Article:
Harvard continued its dedication to dispersing knowledge online Tuesday with the launch of a Harvard page on iTunes U.
The new page, which had been discussed for several years before the University began working to make it a reality about two months ago, allows Harvard to post free podcasts and videos for download on iTunes. Harvard’s first set of content ranges from a series of lecture videos from government professor Michael J. Sandel’s popular course “Justice” to tracks performed by the Harvard Kuumba Singers.
Harvard is the most recent of many prominent institutions to begin this program. Yale, Stanford, Brown, MIT, and Oxford are some of the more than six hundred universities worldwide that post educational materials on iTunes.
The Harvard Extension School launched its own iTunes content page in Feb. 2007 and currently publishes lecture videos of full courses as well as short previews of other classes.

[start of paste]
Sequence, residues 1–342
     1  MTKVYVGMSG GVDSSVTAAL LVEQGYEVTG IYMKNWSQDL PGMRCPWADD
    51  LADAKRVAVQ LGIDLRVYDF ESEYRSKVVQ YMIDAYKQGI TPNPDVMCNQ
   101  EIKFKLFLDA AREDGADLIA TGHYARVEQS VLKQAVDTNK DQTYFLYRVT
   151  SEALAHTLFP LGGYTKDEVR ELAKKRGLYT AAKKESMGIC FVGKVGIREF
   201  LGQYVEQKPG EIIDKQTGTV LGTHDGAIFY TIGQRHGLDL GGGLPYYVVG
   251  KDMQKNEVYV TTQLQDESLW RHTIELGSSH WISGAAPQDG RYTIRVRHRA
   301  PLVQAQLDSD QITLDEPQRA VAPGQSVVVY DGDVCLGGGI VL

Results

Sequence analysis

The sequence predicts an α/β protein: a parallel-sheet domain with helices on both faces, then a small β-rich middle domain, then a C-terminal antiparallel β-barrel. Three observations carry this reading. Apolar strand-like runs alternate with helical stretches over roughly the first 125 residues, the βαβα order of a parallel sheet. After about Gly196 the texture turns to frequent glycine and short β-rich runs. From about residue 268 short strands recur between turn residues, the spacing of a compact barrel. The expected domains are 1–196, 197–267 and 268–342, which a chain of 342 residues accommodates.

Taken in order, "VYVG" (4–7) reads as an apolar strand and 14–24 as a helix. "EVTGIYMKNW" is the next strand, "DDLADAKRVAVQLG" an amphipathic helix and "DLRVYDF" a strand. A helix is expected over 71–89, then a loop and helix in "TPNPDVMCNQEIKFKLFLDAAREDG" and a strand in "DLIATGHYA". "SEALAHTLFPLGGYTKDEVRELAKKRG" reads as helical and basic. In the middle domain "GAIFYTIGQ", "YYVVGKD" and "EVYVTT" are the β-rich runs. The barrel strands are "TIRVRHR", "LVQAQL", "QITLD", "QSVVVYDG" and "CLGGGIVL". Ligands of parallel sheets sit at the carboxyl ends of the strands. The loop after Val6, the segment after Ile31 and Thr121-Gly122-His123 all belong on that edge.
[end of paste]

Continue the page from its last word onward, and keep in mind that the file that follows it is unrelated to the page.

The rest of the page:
“Harvard has so many amazing stories to tell,” said Perry S. Hewitt ’87, Harvard’s director of digital communications and communications services. “This seemed like a great way for us to connect with many of our target audiences and encourage Harvard’s core focus of teaching, learning, and research.”
Esten Perez, director of communications for the Institute of Politics, said that this new medium would also help the IOP achieve its goal of providing information to as many people as possible.
“If we can grow more of an audience, that can only help contribute to the wide range of issues that we discuss,” Perez said.
The launch of Harvard on iTunes U is aimed at reaching out to an audience that spans far beyond the Harvard student body.
“The impetus for doing this now is the prevalence of mobile devices and the heavy in interest in downloading materials to mobile devices. We wanted to make sure to provide content that is available not only on phones, but also on tablets for the future,” Hewitt said.
Sarah Wang ’10 said that she looked forward to taking advantage of this new resource.
“I think that the coolest thing would be that I could watch not only for classes that I’m in, but for classes I’m not in,” Wang said. “Everyone could tune in and explore topics that they are interested in.”
Maryum J. Jordan ’10 echoed Wang’s sentiments.
“I could definitely see someone like people from my family using this,” she said. “It’s something a parent could use if they want to see what their child is doing at Harvard.”
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